Context: Some bereaved families experience low spiritual well-being, such as lack of meaning of life or purpose and psychological distress like severe depression. Objectives: The primary aim of this study was to investigate the effects of the Bereavement Life Review on the spiritual well-being of bereaved family members. The secondary aim was to investigate the effects of this therapy on depression. Methods: Participants were 21 bereaved family members who lost loved ones in various palliative care units in Japan. They received the Bereavement Life Review, which consisted of two sessions for about 60 minutes each. In the first session, a bereaved family member reviewed memories with a clinical psychologist and answered some question. After the first session, the clinical psychologist made an album. In the second session, the family member and the clinical psychologist confirmed the accuracy of the contents of the album. The duration of the therapy was two weeks. The family member was assessed using the Functional Assessment of Chronic Illness Therapy-Spiritual Well-Being (FACIT-Sp) scale and the Beck Depression Inventory®-II (BDI-II) pre- and postintervention. Results: FACIT-Sp scores increased from 19.9 ± 5.8 to 22.8 ± 5.1 (Z = -2.2, P = 0.028 by Wilcoxon signed-rank test) and BDI scores decreased from 10.8 ± 7.7 to 6.8 ± 5.8 (Z = -3.0, P = 0.003). Conclusions: The Bereavement Life Review has the potential to improve spiritual well-being and decrease depression of bereaved family members. A further study with more participants is required to confirm the present findings.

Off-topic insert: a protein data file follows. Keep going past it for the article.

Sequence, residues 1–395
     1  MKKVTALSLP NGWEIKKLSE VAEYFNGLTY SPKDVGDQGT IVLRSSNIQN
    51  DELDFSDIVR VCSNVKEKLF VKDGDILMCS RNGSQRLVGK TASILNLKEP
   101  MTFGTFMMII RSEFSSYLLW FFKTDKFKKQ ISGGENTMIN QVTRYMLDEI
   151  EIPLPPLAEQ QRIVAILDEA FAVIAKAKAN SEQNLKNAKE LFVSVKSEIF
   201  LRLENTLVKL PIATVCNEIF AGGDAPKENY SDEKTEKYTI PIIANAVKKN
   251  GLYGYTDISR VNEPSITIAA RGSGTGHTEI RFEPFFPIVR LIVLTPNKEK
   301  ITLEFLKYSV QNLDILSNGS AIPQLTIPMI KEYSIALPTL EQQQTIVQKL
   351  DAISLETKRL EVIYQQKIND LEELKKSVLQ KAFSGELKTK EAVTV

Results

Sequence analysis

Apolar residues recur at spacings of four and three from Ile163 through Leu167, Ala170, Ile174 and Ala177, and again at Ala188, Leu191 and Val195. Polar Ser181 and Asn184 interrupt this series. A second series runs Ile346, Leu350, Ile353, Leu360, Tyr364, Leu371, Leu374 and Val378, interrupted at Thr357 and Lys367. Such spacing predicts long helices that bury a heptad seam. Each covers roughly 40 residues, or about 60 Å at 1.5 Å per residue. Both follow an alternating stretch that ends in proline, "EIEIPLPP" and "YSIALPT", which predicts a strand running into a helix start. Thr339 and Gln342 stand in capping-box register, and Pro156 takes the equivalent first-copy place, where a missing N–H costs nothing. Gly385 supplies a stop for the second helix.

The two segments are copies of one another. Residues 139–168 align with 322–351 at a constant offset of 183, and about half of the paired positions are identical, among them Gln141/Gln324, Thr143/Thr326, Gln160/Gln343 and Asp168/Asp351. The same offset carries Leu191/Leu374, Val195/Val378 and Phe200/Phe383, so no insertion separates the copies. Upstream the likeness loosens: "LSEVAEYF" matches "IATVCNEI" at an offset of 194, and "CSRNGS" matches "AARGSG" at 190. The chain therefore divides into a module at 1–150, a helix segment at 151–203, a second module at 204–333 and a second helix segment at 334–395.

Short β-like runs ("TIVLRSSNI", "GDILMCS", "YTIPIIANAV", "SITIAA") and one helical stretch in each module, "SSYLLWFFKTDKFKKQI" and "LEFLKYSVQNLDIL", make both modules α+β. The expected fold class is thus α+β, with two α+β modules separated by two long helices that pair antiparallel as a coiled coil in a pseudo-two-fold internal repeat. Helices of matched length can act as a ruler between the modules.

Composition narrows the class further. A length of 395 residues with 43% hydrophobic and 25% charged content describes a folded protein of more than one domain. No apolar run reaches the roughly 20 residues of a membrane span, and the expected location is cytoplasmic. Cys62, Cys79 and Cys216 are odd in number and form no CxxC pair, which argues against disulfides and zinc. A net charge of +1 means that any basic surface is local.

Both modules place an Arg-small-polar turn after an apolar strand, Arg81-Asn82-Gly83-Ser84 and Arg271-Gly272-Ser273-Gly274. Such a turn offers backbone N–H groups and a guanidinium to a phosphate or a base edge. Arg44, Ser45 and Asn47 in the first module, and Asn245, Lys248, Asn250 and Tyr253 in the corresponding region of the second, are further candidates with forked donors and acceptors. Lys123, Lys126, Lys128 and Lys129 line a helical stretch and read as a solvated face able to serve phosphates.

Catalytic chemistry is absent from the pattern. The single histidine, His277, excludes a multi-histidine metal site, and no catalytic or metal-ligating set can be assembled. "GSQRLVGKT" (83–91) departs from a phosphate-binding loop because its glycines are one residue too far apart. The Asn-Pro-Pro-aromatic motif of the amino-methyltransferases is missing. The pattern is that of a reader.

ASJC Scopus subject areas
- Clinical Neurology
- Anesthesiology and Pain Medicine